Transkingdom RNA interference (tkRNAi) uses engineered E. coli to express shRNA and knock down target genes after invasion into cancer cells in vitro and in vivo (Nature Biotech, 2006, 697). Here we show the improvement of this tkRNAi technology through the development of a multi-targeting hairpin expression construct which allows simultaneous expression of up to three different shRNA. Methods: E. Coli shRNA expression promoter and terminator were cloned into an expression vector which contains invasin expression cassette and LLO (HLY) expression cassette; kanamycin resistance gene was used as a selection marker. A small DNA oligo was further designed and cloned into the expression cassette to serve as template for expression of hairpin RNA which target three genes; beta-catenin, K-ras and cyclin D1. Another DNA oligo template for hairpin RNA targeting GFP, luciferase and LacZ served as negative control. For the bacterial invasion assay, SW480 cells were plated in 6-well plates and treated with invasive tkRNAi bacteria at different doses from Multiplicity of infection (MOI) 10 to 150 for 2hr, then washed and replenished with normal medium with antibiotics for 2 days. Total RNA was extracted for qPCR readout at mRNA level and protein was applied to Western Blot analysis of beta-catenin, K-ras and Cyclin D1. Bacterial extracts were analyzed for shRNA expression using Northern Blot. Results; shRNA at the expected length was stably expressed in tkRNAi E. coli. In situ hybridization of hairpin RNA showed the bacteria began to release hairpin RNA into the cytosol at 6hr after invasion. Bacteria invasion up to 200 MOI showed no obvious cytotoxicity. At 100 MOI, the bacteria of target hairpins effectively knocked down beta-catenin 70%, cyclin D1 80% and k-ras 40% at mRNA level although the bacteria expressing control hairpin showed some 20% non-specific knockdown. However, at protein level, we found treatment of cancer cells with tkRNAi bacteria expressing the multiple hairpin constructs dose-dependently reduced Beta-catenin, K-ras and cyclin D1 while control bacteria had no effect at all. We further observed that SW480 cells underwent cell death proportional to the level of target knockdown in the cells. These findings open the possibility of using tkRNAi for simultaneous targeting of multiple genes, which will be useful for indications in cancer therapy.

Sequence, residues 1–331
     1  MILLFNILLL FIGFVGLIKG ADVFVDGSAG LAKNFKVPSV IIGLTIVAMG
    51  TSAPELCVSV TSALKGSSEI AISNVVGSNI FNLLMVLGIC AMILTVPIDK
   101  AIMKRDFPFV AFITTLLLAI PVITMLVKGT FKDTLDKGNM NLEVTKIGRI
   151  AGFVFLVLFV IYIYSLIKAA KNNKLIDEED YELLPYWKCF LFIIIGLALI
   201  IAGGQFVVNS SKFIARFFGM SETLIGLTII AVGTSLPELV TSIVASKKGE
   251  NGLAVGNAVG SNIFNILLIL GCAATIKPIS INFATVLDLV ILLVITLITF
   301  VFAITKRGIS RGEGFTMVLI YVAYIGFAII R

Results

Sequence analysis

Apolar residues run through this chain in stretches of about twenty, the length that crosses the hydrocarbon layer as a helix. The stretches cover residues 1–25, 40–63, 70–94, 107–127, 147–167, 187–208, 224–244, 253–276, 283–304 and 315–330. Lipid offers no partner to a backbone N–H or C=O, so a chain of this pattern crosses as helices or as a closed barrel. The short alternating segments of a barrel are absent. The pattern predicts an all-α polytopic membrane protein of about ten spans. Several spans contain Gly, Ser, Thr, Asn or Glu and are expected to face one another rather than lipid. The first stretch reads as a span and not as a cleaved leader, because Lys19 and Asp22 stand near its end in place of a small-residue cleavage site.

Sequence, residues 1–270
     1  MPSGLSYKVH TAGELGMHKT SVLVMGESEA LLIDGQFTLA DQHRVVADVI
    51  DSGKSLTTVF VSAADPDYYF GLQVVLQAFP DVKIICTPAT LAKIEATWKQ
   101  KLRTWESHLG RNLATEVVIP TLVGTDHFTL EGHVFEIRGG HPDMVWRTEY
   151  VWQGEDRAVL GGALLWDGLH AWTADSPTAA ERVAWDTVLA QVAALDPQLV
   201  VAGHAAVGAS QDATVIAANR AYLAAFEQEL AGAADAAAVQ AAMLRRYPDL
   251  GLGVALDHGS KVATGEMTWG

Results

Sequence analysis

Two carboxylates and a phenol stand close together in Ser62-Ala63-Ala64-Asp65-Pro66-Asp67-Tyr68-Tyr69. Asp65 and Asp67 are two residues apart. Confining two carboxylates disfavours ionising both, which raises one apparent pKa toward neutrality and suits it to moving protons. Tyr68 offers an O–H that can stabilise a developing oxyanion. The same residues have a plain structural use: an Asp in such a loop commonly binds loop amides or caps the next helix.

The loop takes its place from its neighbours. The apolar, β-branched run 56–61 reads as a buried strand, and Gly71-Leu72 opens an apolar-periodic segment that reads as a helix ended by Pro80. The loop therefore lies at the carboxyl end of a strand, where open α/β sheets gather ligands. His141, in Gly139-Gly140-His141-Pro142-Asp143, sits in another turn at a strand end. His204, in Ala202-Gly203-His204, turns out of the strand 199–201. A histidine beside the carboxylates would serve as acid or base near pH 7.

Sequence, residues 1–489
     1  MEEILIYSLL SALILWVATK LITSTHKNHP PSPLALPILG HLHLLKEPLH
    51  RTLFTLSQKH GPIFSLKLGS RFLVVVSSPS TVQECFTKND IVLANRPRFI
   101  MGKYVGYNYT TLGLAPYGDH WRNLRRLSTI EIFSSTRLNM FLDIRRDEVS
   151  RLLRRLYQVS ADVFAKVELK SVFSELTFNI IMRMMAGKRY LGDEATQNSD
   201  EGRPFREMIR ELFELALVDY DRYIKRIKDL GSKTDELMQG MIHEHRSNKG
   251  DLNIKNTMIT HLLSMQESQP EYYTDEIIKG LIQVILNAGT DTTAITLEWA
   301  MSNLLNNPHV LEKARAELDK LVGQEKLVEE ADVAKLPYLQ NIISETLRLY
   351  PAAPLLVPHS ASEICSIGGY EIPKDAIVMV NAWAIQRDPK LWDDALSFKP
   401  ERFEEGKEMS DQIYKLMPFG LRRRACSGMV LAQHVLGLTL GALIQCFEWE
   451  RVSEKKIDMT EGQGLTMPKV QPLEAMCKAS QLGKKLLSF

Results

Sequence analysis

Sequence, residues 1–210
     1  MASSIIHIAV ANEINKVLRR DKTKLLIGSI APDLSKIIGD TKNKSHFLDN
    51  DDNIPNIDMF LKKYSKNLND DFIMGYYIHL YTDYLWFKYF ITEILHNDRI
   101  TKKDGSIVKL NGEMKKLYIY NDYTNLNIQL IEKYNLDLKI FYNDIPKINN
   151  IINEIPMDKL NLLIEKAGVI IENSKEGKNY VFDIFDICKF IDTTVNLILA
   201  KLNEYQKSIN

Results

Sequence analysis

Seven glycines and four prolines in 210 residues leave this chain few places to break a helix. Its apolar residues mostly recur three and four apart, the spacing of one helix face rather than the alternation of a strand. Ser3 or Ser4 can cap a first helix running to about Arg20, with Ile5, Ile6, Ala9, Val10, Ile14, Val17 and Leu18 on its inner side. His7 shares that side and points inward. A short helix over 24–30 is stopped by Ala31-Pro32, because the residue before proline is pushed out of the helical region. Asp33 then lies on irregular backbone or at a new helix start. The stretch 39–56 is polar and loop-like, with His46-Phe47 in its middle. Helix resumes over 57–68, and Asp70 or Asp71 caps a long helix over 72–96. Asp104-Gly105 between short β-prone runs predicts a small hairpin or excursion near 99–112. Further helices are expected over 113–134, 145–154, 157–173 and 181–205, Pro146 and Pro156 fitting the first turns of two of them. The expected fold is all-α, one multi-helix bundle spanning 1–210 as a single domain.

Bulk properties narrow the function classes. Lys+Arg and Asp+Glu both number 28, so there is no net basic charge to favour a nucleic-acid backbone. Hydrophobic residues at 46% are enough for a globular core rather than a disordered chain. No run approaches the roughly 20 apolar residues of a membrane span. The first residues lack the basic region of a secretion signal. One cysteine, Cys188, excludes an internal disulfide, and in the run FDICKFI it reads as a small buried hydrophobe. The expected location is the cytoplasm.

Citation Information: In: Proc Am Assoc Cancer Res; 2009 Apr 18-22; Denver, CO. Philadelphia (PA): AACR; 2009. Abstract nr LB-38.

100th AACR Annual Meeting-- Apr 18-22, 2009; Denver, CO